The labour market in Dubai

Dubai labour market
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Updated 2021-11-11 13:35

Dubai is one of the most desirable destinations for any expat in a peaceful and secure country. Home of sand, fuel and ocean, the success story of this city is such that everyone wants to be a part of it. Hosting major international events, Dubai remains one of the world's prime destinations for work and investment.

Economy and infrastructure

The United Arab Emirates has the most diversified economy in the GCC region. Being the most vibrant city of the UAE, Dubai is also known for being a leading trading hub for the entire Middle East and Africa. Today, trade, tourism and foreign investments are the most significant contributors to the Dubai economy. Even though the market is changing every day, more and more expats are willing to take the risk of leaving their own country and contribute to Dubai's economic growth. Besides, the city has a massive infrastructure with huge malls, attraction parks, exhibition centres, etc.

The most promising fields

Employment opportunities in Dubai are increasing year after year, especially in the service sector. This sector includes trade, restaurants, hotels, transportation, storage, communication, finance, insurance, real estate, business services, community, social and personal services, etc.

Even though the booming construction sector has not been able to avoid the impact of the financial crisis, construction works are still going on, especially government buildings. Residential property developers are doing their best to attract foreign investments.

The local workforce

Currently, the local workforce is made up of 90- 95% of expats in different positions including management, accounting, health, education, architecture. It's worth noting that Dubai has the perfect geographical location for international companies. However, it's worth noting that some positions in these companies are restricted to professionals with specific geographical backgrounds. For instance, you may see job posts asking for 'UK/US educated' or 'Arabs only'. Those job discriminations are openly practised since there is no law to regulate them. The same applies to salaries. Foreign professionals with a Western background are entitled to higher wages than those from South Asia or Africa, for example.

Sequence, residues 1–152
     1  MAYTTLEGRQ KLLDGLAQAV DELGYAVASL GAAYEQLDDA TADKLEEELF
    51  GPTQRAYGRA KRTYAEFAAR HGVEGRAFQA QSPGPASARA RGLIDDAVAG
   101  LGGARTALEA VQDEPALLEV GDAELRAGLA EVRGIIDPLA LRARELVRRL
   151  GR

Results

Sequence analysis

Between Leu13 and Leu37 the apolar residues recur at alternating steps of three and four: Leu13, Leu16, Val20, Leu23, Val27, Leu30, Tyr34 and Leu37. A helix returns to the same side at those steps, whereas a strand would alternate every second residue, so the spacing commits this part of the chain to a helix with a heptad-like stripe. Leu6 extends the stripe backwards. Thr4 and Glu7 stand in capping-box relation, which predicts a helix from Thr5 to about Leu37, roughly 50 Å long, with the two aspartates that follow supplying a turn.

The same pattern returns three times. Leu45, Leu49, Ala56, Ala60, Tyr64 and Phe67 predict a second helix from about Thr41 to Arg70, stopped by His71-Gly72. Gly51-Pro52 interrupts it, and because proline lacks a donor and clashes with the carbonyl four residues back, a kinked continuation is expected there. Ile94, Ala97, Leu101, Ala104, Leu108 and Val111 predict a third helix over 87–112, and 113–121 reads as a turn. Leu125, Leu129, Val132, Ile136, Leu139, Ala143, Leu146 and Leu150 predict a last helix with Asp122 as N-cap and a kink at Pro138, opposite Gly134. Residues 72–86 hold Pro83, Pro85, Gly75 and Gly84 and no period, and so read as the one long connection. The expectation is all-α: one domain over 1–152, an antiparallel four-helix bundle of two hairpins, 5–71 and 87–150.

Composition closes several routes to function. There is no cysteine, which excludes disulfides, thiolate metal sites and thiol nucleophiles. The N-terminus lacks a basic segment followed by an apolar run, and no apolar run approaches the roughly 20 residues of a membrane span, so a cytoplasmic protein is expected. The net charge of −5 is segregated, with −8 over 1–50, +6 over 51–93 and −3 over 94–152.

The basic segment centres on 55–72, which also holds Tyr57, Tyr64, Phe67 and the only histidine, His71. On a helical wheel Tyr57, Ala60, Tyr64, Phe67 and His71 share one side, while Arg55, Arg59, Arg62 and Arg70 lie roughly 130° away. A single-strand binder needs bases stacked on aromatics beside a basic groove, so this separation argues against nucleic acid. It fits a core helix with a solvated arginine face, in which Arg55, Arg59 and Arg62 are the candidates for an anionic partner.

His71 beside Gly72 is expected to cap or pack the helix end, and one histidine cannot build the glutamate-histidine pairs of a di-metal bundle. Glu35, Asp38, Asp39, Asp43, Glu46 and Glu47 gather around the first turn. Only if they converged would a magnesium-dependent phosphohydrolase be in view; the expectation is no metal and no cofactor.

Work contract

All expats are employed under contract and require a visa to obtain employment in Dubai. Non-skilled expats, usually from India, Pakistan, etc., are mostly employed in the construction industry. Many of them are contracted by recruiting agents and are based in labour camps. Usually, their passports are retained by their employers on arrival. Also, their working day could go beyond 10 hours. Other nationalities are spread in different sectors. UAE nationals, on the other hand, are mainly employed in the public sector.

Emiratisation

Since unemployment is quite present locally, in Dubai like in the rest of the country, the UAE government set up a nationalisation program called Emiratisation. This program aims at giving priority to locals for job vacancies in the public and private sectors.

Working schedule and holidays

A typical working week in Dubai comprises 48 hours. Friday is a mandatory day off while other holidays depend on company regulations. In some service sectors, the day off could be different. There are ten days paid public holidays per year and employees are entitled to 30 days per year of service.

Even though the local labour market looks quite challenging, Dubai keeps attracting expatriates looking to become a part of its success story.

Useful links:

Ministry of Human Resource and Employment

Tasheel

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